Our e-government programme is built upon a political rather than a technology principle, says Simon Moores.
UK e-government is taking on the appearance of an ideological struggle. Karl Marx once said that "the bureaucracy takes itself to be the ultimate purpose of the state" and, with around a third of our workforce employed by the public sector, they have a lot of bureaucracy to wade through.
Elsewhere in the world, other countries have been a little less revolutionary in mixing new technology with a political vision of public sector reform.
But here, e-envoy Andrew Pinder has admitted that government will miss its ambitious target for putting all its services online by 2005. We all knew this in 2002. What matters, says Pinder, is that sites deliver, but deliver what?
Pinder is quoted as saying “There are some brilliant offerings available — the JobCentre Plus site, where people can find virtually every job in the country, and the Foreign Office site’s travel information.
"But there are an awful lot of other sites which are very little used," he added. "The public sector needs to understand we’re about providing access based on our customers’ needs — not those which government sees as important.”
What interests me about this e-Marxism is that its costs and its consequences, like its arguments, remain largely unchallenged. The Department for Environment, Food and Rural Affairs (Defra), in the face of fierce criticism from MPs, is outsourcing its IT services to the private sector under a deal worth almost £1.5bn.
One Labour MP, David Taylor, expressed concern that decisions had been made to outsource IT delivery before a departmental IT strategy was in place. He accused Defra's management of "rushing" to finalise its IT strategy by the end of March to meet its timetable for procurement.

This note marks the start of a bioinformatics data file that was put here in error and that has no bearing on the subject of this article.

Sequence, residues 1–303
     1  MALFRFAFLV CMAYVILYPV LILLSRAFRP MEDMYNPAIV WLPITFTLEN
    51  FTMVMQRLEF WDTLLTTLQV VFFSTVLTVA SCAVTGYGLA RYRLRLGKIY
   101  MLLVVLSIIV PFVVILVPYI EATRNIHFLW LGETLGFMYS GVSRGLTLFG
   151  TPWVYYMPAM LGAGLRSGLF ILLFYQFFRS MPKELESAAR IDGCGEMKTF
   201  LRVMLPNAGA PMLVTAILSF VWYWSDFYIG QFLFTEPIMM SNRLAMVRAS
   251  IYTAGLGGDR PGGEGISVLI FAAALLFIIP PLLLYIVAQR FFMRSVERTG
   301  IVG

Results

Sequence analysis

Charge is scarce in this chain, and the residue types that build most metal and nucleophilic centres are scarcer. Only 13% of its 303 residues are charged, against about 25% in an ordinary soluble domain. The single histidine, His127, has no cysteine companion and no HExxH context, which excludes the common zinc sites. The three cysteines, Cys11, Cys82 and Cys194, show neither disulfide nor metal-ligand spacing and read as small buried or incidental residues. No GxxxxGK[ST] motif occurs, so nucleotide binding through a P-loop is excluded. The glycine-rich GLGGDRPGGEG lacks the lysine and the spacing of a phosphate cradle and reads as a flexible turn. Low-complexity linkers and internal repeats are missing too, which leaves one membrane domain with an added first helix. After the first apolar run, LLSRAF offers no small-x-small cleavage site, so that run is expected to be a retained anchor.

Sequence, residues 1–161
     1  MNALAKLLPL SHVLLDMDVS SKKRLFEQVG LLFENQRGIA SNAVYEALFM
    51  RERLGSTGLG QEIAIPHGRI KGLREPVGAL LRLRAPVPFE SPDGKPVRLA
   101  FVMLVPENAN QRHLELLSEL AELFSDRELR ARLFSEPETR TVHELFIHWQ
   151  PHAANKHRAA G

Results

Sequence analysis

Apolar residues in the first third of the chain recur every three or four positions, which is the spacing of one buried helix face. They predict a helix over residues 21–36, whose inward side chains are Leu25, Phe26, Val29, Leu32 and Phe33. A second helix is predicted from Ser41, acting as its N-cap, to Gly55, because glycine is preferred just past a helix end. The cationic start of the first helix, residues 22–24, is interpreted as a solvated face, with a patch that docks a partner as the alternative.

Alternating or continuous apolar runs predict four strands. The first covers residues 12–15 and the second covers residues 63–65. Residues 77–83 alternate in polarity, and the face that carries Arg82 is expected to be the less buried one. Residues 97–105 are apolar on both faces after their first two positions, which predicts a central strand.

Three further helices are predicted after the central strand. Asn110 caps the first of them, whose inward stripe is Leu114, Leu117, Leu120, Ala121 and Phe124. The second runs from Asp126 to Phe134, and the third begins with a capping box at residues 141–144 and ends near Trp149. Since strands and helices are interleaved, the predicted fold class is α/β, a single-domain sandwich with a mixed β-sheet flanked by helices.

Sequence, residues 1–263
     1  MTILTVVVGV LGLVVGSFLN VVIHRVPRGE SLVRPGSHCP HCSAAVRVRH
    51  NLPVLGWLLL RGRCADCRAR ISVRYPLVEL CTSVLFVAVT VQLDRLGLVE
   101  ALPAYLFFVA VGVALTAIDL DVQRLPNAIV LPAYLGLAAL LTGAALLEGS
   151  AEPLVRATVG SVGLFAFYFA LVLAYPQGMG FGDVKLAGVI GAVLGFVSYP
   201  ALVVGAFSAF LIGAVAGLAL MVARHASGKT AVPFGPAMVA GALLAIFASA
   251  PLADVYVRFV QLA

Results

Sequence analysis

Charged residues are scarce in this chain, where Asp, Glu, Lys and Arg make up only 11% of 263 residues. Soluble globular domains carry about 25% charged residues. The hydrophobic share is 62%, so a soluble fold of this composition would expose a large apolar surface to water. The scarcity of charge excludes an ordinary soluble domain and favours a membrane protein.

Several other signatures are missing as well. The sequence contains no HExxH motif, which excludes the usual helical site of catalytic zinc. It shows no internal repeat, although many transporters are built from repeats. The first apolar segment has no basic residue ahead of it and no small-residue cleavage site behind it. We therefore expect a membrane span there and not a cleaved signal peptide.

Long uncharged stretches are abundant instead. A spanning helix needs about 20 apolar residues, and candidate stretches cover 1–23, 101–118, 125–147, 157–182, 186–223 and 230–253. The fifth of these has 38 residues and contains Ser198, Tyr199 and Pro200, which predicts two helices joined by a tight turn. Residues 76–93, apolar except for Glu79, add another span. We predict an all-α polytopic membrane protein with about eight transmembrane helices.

"It is, therefore, a strategy to support the programme rather than reflect the true business needs of Defra," he told the House.
Examples like this exist perhaps because our e-government programme is built upon politics rather than technology, so it stumbles from one expensive departmental fudge to the next.
There are many examples of where technology and IT investment is working at the local government level, but these still represent silos of progress and certainly don’t offer citizens an impression of joined-up government.
What are we really trying to achieve other than build websites that deliver? You and I in business know that behind every website there has to be a fully integrated Backoffice system, a streamlined and joined-up process that doesn’t exist across our own public sector.
What makes Singapore different from Streatham or Sunderland, and what should we expect from an unrestrained government pouring expensive technology into what appears to be a bottomless pit of bureaucracy?
Karl Marx may have had the first word but when it comes to discussing the progress of joined-up government in the UK, the last word should go to Groucho Marx. “I've had a wonderful time, but this wasn't it.”
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Setting the world to rights with the collected thoughts and opinions of leading industry analyst Dr Simon Moores of Zentelligence.
Acting globally, Zentelligence (Research) advises governments, suppliers, business and the media on the evolution, application and delivery of leading-edge technologies and specialises in the areas of eGovernment and information security.
For further information on Zentelligence and its research, presentation and analyst services visit www.zentelligence.com
This was first published in May 2003